JEFFERSON CITY, MO. — Republican lawmakers upset about the Supreme Court decision legalizing gay marriage have advanced measures in about a dozen states this year that could strengthen protections for those who refuse on religious grounds to provide services to same-sex couples.
The bills could benefit court clerks, photographers, florists, bakers, wedding-hall operators and others who say gay matrimony goes against their beliefs.
For a party already being torn apart by the presidential contest, the state legislative efforts have exposed deep rifts between the GOP’s social conservatives and its pro-business wing. Business leaders worry that such measures will allow discrimination and scare away companies and major events.
So far, only a few proposals have become law. Those include narrowly tailored protections shielding Florida clergy from having to perform same-sex weddings and college religious organizations in Kansas from losing aid.
A far more sweeping one was signed into law Tuesday by Mississippi Gov. Phil Bryant, despite objections from some major corporations. It creates a religious shield from government penalties for an array of people and organizations, including marriage-license clerks, adoption agencies, counselors and more than a dozen categories of businesses that provide wedding-related services. It applies not only to those with religious beliefs about gay marriage, but also to those who believe that sex outside marriage is wrong and that sexual identity is determined at birth.
Other broadly written proposals have failed, stalled or are still working their way through legislatures. Some examples:
— Republican Gov. Nathan Deal of Georgia last week vetoed a religious protection bill passed by the GOP-led House, siding with top business executives who threatened boycotts and dire economic consequences.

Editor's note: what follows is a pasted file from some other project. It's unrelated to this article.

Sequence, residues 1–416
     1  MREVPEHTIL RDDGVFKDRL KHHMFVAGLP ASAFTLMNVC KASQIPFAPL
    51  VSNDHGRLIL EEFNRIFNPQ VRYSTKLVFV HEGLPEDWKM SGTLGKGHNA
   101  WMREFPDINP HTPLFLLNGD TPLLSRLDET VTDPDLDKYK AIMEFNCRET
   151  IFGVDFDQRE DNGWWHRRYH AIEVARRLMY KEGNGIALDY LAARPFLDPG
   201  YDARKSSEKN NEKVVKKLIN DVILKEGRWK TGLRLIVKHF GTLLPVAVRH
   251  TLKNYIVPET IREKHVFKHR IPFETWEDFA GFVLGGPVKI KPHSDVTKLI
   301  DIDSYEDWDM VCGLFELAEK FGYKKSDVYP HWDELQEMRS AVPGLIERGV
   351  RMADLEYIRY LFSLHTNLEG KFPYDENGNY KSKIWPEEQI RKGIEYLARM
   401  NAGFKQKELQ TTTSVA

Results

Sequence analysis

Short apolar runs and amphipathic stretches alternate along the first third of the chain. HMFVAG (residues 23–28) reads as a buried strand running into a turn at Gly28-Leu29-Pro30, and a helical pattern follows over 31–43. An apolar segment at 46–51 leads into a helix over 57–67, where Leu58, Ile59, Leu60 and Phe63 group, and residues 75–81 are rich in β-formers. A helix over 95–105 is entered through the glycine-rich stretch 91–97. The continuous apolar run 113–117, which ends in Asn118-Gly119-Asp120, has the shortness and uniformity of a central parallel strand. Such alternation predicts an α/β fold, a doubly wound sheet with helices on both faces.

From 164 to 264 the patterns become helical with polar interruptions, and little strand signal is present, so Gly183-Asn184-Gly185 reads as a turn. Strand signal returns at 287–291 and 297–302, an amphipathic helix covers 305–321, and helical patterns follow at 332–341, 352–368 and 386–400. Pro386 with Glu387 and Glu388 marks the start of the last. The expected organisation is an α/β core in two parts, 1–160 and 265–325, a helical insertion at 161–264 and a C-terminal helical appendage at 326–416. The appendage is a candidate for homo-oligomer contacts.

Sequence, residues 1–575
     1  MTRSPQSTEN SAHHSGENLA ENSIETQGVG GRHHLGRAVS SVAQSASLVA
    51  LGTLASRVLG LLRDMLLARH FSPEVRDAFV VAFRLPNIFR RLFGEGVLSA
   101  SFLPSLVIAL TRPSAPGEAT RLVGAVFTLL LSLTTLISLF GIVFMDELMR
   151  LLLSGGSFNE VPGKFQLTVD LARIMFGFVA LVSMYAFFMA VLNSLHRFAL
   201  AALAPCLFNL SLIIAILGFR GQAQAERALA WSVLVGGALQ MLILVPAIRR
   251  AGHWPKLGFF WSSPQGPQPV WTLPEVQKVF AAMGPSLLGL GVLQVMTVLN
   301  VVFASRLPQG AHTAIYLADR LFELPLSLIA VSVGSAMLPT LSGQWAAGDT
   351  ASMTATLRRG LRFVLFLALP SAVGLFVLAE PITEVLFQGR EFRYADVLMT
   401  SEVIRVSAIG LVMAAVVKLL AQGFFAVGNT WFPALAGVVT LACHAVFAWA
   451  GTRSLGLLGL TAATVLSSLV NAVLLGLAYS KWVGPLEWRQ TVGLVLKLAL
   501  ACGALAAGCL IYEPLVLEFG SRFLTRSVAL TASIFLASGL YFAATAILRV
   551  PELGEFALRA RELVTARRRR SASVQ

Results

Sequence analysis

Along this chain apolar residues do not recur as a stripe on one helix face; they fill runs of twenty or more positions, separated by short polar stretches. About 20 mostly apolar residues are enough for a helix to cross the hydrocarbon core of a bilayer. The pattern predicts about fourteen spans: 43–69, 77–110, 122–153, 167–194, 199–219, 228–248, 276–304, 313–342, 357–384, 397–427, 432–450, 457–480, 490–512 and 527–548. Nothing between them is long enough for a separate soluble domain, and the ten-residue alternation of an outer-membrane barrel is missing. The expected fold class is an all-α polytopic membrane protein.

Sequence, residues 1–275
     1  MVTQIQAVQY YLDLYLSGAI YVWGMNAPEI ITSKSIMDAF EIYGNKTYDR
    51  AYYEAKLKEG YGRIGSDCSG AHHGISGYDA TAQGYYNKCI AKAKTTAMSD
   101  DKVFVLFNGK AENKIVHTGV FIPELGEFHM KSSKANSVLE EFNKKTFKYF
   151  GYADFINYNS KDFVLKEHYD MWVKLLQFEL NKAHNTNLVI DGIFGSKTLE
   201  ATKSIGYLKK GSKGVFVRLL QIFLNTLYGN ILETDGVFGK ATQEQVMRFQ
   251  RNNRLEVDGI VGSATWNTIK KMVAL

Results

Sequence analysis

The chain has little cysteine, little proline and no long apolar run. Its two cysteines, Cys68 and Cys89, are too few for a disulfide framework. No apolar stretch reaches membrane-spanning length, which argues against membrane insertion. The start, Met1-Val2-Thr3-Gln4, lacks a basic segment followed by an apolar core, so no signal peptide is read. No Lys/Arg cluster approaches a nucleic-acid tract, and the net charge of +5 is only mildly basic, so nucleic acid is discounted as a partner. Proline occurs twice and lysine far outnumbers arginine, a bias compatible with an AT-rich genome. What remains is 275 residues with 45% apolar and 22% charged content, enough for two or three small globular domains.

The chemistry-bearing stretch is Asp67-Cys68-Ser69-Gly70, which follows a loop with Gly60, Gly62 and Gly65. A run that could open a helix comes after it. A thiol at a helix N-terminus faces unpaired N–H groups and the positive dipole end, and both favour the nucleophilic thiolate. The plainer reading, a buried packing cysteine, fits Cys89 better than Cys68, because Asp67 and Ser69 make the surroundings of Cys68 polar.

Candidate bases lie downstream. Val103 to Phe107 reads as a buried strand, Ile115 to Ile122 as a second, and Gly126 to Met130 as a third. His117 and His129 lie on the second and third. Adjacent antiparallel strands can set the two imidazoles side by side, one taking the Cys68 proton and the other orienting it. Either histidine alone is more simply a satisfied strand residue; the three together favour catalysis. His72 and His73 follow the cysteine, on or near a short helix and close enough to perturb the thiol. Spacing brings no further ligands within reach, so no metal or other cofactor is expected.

— A GOP-passed bill shielding clergy and religious groups from participating in gay marriages was vetoed last week by Virginia Gov. Terry McAuliffe, a Democrat, who cited opposition from corporate leaders.
— In Tennessee, a coalition that includes the American Counseling Association launched an online ad campaign against the Republican House speaker over a bill that would let counselors turn away patients based on religious beliefs. The ad warns: “Businesses won’t come to a state that discriminates.”
— In Missouri, scores of activists rallied at the Capitol to protest a proposed constitutional amendment that would prohibit penalties against those who decline on religious grounds to provide wedding-related services to same-sex couples. The state Chamber of Commerce and Industry also came out against it.
“This is a unique issue because two of the primary bases of the Republican Party are both the business interest and the social conservative. It’s rare, but occasionally those interests are not aligned,” said Missouri state Rep. Elijah Haahr, chairman of the committee considering the measure.
In several states, major businesses and sports organizations — including Coca-Cola, Delta Air Lines, Walt Disney Co., the NFL and the NCAA — have joined lesbian, gay, bisexual and transgender activists in raising concerns that such measures could legalize discrimination.
Some religious leaders have countered that it is the faithful who face discrimination for living according to their beliefs. They cite government fines and lawsuits against florists, bakers and photographers who declined to do work for same-sex weddings.
“Good and commonsense bills that simply underscore or protect freedoms that we’ve had since the founding of our country are being attacked by large corporations seeking to thwart the democratic process,” said Kellie Fiedorek, an attorney for Alliance Defending Freedom, a Scottsdale, Arizona-based group that has backed religious-objection legislation and led court fights in various states.